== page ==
Saturday, May 15, 2010

Farewell to the original Highwayman

Look up Highwaymen in the Rolling Stone Encyclopedia of Rock and Roll and you get: See Johnny Cash; Waylon Jennings; Kris Kristofferson; Willie Nelson.

Those were the hell raisers that comprised the country super group and had a No. 1 hit with Jimmy Webb's "The Highwayman" and also charted with the Guy Clark staple "Desperados Waiting for a Train." But they weren't the original Highwaymen.

That group came along about 25 years earlier -- in 1961 -- and had its own No. 1 hit, a traditional song originally sung by Georgia slaves in the 19th century.  We can't forget the words to "Michael" and we'll sing it today for the Highwaymen's organizer and lead singer Dave Fisher, who died recently of a bone marrow disease. He was 69.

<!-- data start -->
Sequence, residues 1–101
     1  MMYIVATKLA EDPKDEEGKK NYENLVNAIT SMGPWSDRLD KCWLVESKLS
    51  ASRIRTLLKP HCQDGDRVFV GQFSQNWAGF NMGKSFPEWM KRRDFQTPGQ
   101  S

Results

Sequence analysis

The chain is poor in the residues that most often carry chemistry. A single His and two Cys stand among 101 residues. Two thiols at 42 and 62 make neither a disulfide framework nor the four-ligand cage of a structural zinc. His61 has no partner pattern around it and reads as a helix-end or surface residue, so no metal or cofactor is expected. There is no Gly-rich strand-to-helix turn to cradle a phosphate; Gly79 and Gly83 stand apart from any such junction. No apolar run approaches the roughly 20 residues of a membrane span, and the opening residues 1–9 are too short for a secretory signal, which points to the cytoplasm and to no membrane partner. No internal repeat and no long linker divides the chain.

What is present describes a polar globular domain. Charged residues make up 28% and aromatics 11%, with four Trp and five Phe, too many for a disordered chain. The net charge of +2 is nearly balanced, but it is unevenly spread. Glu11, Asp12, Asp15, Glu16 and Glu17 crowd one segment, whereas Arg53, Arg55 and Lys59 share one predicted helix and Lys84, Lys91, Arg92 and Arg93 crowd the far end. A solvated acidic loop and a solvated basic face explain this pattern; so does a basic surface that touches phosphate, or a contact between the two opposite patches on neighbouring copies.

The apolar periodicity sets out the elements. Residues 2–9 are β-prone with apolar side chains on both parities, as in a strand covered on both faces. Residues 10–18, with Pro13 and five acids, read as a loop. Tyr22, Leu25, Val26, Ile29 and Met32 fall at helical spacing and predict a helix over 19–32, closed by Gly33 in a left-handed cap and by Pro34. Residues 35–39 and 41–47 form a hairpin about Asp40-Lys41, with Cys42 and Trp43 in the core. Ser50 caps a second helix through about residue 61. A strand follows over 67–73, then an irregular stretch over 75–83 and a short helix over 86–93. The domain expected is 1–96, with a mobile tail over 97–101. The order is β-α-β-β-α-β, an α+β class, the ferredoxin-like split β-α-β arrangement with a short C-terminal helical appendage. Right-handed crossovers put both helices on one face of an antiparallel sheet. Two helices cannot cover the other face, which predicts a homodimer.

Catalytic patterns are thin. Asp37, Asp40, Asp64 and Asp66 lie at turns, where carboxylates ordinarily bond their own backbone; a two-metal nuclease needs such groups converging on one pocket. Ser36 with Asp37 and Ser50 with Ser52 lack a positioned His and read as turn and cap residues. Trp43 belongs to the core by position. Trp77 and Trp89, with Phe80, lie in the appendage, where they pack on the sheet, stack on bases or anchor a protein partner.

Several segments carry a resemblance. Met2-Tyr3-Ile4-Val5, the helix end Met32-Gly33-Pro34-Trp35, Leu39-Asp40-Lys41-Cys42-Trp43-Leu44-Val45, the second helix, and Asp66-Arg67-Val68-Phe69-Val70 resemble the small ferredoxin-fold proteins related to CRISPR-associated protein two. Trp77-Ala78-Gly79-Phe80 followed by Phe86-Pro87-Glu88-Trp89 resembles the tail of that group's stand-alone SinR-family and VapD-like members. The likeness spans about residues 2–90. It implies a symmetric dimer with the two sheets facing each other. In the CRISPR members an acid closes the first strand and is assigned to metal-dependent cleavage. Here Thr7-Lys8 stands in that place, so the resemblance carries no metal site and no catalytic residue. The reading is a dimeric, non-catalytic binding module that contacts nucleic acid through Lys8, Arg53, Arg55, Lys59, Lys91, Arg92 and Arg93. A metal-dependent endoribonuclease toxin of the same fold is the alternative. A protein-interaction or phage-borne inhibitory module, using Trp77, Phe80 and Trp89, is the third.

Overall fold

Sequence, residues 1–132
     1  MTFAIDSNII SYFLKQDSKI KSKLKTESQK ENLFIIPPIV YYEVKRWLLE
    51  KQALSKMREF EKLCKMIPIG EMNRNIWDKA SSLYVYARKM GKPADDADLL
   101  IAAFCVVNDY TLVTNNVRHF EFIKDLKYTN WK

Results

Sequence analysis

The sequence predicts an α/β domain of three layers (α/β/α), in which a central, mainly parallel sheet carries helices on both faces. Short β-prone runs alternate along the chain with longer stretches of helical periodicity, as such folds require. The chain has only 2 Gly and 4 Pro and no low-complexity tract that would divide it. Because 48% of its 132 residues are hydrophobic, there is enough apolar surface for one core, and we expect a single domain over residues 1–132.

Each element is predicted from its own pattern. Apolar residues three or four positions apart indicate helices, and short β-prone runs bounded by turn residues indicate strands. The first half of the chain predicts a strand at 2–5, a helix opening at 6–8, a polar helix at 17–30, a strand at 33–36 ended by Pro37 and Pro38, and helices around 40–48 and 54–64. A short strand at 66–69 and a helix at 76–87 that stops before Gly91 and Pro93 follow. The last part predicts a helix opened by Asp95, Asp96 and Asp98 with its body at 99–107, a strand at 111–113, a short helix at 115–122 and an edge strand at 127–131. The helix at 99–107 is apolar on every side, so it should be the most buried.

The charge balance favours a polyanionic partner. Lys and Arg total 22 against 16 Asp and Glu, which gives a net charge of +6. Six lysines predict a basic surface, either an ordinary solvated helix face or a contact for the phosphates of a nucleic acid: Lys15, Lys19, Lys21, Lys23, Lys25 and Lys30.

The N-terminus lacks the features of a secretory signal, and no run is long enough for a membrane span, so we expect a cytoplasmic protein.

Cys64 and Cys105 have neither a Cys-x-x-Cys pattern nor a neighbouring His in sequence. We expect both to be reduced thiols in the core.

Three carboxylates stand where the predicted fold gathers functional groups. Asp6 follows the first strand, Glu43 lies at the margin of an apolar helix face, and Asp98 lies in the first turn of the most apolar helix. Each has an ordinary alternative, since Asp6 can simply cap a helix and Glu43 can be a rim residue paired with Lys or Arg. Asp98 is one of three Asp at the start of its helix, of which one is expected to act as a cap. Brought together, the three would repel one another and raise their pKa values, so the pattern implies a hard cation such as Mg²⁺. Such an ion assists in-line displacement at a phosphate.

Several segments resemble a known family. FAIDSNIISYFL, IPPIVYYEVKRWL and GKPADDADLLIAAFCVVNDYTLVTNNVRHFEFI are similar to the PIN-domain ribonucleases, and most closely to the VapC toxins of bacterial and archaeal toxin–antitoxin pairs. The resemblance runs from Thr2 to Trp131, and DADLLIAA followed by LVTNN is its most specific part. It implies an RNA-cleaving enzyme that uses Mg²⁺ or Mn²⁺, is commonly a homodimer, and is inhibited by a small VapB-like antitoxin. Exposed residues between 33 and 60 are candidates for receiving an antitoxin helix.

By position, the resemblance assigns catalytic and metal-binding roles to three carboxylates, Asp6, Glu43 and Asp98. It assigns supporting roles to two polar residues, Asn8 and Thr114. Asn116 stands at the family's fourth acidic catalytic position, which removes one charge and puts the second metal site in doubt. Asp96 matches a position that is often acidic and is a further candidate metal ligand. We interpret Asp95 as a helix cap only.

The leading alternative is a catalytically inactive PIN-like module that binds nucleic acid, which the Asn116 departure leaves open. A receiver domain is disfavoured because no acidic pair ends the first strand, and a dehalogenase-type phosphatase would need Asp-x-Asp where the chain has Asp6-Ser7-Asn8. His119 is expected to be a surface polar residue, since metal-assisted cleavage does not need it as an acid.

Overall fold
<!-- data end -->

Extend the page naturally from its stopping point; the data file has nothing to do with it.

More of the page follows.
The Highwaymen, five members from a fraternity at Wesleyan University in Middletown, Connecticut, charted a year later with "Cottonfields," another popular folk song that we won't need sheet music to sing.

Here was the notice posted on the group's website:

"Our leader, colleague and friend for over 50 years, Dave Fisher, died early last Friday morning in Rye, NY, from myelofibrosis, a disease of the bone marrow. His death was painless and peaceful, and his family, close friends and all of the Highwaymen were able to be together with him in his last few days to say thanks and farewell."

Michael row the boat ashore, hallelujah
Michael row the boat ashore, hallelujah
River Jordan is chilly and cold, hallelujah
Chills the body but not the soul, hallelujah

1 comment:

  1. isn't that the first song that everybody learns to play on guitar?